My granddaughter, Gretta, is homeschooled.
I have not been impressed with homeschooling until recently.
This past year, Gretta’s mother enrolled her in an introductory acting class at the Utah Children’s Theatre in Salt Lake City.
Gretta progressed at her own speed. She danced a little, sang a bit, memorized small lines, and participated in short little ten to fifteen minute productions. None of these activities required much in the way of costumes, sets, or props.
Recently, her mother arranged for her to do her first audition for the play Charlotte’s Web, by E. D. White. In early 2019, the play will run for six weeks, and requires a professional commitment. For those over eighteen, payment and union membership is arranged.
Gretta created a portfolio of photos, and memorized some lines for the audition. She auditioned in front of three adults. A couple of days went by, and she was called back for further consideration.
Finally, the cast was posted on the internet. Gretta was selected.
Wow, Gretta is in show biz for real. By show biz, I mean theatre arts. In live theatre, the ultimate emphasis is on language. To be in a play, you must memorize and speak the written word clearly. Then, you must attempt to understand what the playwright meant by the words he/she wrote. You must give your best interpretation of the written words. You are given clues by the play itself – its characters, the director’s objectives, and the development of the story.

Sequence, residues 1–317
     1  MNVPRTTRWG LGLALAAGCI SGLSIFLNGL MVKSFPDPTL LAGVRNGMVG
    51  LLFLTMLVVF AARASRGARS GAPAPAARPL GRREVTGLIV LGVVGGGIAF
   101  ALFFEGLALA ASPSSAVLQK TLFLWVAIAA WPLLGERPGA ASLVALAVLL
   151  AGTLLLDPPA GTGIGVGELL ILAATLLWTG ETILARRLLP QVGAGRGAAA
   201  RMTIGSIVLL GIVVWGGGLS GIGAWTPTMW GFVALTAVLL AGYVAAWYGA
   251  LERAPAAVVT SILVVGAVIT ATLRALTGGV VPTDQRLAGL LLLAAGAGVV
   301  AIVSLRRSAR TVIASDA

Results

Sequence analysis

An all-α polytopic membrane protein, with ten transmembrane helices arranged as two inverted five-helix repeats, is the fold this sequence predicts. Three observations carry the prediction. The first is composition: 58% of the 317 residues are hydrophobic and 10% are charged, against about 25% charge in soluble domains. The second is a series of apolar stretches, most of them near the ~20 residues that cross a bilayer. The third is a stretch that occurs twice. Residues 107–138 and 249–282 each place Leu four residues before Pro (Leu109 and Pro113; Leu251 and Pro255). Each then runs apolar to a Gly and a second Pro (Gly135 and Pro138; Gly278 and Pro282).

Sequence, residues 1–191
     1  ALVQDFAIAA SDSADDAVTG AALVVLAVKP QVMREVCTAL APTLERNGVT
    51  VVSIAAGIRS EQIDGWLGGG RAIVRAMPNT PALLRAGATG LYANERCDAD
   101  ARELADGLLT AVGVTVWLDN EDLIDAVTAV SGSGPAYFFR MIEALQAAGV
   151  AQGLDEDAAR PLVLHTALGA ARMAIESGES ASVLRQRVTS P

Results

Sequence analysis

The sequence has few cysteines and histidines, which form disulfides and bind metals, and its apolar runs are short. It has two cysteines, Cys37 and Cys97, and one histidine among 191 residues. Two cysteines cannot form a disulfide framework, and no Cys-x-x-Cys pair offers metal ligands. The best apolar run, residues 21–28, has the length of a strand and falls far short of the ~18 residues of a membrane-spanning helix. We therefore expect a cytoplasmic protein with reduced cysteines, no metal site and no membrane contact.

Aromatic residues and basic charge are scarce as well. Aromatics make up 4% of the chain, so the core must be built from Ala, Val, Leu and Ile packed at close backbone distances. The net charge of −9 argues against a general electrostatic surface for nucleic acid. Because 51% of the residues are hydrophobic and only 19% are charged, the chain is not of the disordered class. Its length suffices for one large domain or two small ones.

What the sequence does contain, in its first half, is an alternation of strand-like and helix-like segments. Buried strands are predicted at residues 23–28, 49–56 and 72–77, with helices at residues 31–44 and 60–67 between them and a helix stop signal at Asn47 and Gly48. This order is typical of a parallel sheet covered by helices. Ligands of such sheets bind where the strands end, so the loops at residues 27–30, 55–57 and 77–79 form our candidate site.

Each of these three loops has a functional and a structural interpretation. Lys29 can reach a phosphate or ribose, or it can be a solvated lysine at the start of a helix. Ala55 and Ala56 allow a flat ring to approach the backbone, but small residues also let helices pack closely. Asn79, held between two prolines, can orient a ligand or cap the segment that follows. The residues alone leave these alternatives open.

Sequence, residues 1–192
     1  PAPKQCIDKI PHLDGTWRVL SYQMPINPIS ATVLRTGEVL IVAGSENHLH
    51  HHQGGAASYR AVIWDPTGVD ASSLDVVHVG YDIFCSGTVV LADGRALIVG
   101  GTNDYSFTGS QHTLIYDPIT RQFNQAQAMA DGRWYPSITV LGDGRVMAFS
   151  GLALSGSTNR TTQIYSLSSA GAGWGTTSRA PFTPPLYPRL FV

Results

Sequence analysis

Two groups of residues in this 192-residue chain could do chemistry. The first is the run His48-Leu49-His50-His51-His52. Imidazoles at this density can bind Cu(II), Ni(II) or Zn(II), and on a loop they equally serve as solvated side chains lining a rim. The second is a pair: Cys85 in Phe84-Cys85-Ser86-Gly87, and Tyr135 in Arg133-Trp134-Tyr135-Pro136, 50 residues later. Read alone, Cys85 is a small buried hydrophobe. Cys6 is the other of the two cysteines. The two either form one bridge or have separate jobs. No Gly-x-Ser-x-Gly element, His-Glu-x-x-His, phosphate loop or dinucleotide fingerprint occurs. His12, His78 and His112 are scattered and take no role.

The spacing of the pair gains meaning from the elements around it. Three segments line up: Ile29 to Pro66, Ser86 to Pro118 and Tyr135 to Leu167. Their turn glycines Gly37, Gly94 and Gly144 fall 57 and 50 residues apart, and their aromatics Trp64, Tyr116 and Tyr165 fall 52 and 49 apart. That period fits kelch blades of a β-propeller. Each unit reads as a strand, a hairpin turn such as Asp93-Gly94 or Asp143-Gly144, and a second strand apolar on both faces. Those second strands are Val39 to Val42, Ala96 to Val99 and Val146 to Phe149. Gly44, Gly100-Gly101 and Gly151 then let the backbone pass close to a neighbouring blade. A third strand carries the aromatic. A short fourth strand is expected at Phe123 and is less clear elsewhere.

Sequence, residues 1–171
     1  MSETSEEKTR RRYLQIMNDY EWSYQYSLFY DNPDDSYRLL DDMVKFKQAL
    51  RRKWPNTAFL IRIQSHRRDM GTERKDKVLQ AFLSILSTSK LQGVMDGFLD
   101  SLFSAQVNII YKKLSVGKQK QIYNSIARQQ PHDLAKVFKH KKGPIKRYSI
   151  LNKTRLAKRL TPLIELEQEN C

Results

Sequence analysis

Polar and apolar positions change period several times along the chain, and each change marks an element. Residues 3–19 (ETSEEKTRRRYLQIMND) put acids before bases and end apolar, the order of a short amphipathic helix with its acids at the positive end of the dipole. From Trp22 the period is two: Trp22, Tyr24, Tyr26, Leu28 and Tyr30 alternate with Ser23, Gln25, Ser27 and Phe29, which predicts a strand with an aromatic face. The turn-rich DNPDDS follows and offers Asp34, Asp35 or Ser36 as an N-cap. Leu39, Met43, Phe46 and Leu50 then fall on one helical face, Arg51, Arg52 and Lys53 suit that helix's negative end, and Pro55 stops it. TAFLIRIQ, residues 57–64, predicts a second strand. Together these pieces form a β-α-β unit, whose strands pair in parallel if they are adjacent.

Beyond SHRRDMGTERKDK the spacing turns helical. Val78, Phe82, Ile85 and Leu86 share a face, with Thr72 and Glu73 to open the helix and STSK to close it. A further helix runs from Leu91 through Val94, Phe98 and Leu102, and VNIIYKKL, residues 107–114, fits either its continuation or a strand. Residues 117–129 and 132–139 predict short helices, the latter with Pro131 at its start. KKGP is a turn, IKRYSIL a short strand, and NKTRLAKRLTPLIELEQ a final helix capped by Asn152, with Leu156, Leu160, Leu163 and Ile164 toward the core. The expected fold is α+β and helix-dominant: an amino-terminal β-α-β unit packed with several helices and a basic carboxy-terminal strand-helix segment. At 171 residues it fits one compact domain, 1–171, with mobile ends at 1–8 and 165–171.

What’s all this worth? A lot. Gretta will have learned by doing: by participating in her own learning. She will hear and speak some of the richest words ever written. Over the years, if she keeps with it, she’ll slowly understand that what she says in these great plays is the best that can possibly be said.
The key word to this entire experience is customization. Gretta’s learning has been customized to her readiness to participate in Charlotte’s Web. There’s no standardized lesson manual to this process. It’s all determined on Gretta’s own individualized human profile.
That’s learning at its very best.
If that’s what homeschooling is accomplishing, I’m all for it.